And hope does not put us to shame, because God’s love has been poured into our hearts through the Holy Spirit who has been given to us. (Romans 5:5, ESV)
We use the word hope in our daily conversations often. I hope I make it to my meeting on time. I hope I make this putt for birdie. I hope he will call me tonight. I hope she likes my gift. I hope I don’t hit it in the water. I hope it doesn’t rain. I hope I don’t get stuck in traffic. I hope you are getting the idea!
But when the rubber meets the road during times of hardship and suffering, do we really understand what it means to hang on to hope when it feels like our only lifeline during a storm?
According to Dictionary.com, hope is “the feeling that what is wanted can be had or that events will turn out for the best; to look forward to with desire and reasonable confidence.” It’s easy to embrace this definition when life is on cruise control with no apparent obstacles ahead. Baker’s Evangelical dictionary defines hope as “to trust in, wait for, look for, or desire something or someone; or to expect something beneficial in the future.” The Greek word Paul uses in today’s scripture is elpis and holds the connotation of “confidence, expectation, or to anticipate (usually with pleasure).” The latter two definitions require active engagement of the heart and feels risky. Risky because embracing hope also means welcoming potential disappointment and heartache.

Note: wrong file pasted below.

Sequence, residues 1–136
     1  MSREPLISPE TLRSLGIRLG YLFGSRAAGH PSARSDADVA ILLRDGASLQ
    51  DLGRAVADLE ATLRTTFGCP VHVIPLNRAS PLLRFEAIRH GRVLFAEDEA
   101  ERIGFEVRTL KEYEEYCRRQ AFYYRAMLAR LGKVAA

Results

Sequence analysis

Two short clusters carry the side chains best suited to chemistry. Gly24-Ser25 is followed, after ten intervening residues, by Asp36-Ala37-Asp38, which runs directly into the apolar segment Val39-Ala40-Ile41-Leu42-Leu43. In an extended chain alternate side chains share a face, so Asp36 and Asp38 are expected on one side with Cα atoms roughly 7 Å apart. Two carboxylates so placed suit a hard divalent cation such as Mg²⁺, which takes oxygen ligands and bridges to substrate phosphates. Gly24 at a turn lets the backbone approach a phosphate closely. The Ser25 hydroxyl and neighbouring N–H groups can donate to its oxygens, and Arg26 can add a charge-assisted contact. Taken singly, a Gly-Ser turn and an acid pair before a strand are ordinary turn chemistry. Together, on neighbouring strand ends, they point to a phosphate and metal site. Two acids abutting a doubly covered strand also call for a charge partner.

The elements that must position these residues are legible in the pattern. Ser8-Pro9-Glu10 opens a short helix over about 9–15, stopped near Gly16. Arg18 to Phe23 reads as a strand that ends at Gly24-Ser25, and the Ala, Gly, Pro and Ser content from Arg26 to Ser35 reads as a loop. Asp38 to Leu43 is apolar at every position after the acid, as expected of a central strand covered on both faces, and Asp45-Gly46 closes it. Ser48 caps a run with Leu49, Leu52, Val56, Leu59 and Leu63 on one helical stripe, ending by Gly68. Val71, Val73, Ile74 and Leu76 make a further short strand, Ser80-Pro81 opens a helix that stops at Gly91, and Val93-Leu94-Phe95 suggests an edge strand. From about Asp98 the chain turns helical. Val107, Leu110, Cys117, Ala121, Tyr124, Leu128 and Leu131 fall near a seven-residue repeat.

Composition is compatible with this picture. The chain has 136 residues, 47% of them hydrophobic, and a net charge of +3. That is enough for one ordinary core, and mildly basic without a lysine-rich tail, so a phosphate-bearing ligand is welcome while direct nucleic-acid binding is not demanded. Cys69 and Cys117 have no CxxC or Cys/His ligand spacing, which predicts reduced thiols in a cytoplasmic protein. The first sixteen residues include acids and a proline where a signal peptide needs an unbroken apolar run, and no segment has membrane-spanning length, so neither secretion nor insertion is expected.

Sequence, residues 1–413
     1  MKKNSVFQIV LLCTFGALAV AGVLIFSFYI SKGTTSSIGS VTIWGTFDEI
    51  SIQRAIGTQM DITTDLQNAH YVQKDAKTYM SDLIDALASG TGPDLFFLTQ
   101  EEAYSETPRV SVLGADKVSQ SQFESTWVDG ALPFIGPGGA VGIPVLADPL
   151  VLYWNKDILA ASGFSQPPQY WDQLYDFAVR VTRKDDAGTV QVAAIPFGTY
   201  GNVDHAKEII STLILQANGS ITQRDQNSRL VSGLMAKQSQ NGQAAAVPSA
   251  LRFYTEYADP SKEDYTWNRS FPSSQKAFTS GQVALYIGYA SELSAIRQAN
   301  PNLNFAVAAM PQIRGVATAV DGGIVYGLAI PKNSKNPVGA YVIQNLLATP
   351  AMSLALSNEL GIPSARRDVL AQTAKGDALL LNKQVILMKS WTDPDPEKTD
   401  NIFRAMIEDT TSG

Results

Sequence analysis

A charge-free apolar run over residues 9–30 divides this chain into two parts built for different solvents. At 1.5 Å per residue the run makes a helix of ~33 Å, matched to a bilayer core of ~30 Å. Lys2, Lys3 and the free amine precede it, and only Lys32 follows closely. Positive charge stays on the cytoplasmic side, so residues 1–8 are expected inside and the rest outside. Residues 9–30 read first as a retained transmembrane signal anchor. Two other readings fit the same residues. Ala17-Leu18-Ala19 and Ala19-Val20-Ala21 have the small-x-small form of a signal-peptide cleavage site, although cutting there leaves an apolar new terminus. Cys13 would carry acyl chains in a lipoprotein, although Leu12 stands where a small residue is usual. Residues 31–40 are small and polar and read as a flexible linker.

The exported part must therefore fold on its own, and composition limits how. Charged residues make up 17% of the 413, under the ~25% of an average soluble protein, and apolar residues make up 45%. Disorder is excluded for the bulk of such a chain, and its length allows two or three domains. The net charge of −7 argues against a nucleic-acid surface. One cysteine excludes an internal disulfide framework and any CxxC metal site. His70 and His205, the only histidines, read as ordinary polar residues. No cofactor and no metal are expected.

I have been reading through Paul’s letter to the Romans recently and this caught my attention: “And hope does not put us to shame.” As I compared hope (confidence, expectation, to anticipate) and shame (feeling of being exposed or humiliated), I found myself wondering if I really believe this to be true in my own life. Have I leaned into hope only to feel exposed and foolish? Yes, and I have run for the hills. Have I waited with expectation and received what I was longing for? Not always. Is hanging on to hope easy? No!
Paul’s message in Romans 5 is that hope strengthens through struggle and trials. Dan Allender describes the nature of hope as faith for the future. Not in an optimistic point of view, believing in a gospel wrapped in a false reality, but in a way where we hold both death and resurrection life together. Having hope for the future is embracing the both/and. Hope brings agony and waiting, and it also opens our hearts to be as close to laughter as we are to crying in any one moment.
In the waiting, for the unseen to become seen, we will experience suffering [broken relationships, job loss, death, unexpected health changes]. If we stay attuned to hope, our suffering will build perseverance to keep moving forward. The space between suffering and perseverance opens our hearts to groan and engage our heartache with tenderness and truth. As we persevere with confident expectation of our eternal future with Jesus, more of our true character emerges and hope becomes the force that redirects our sails to risk and dream again.
In perfect summary, enjoy this great assurance: “We have this hope as an anchor for the soul, firm and secure. It enters the inner sanctuary behind the curtain, where our forerunner, Jesus, has entered on our behalf” (Hebrews 6:19-20a NIV).
May 26, 2016
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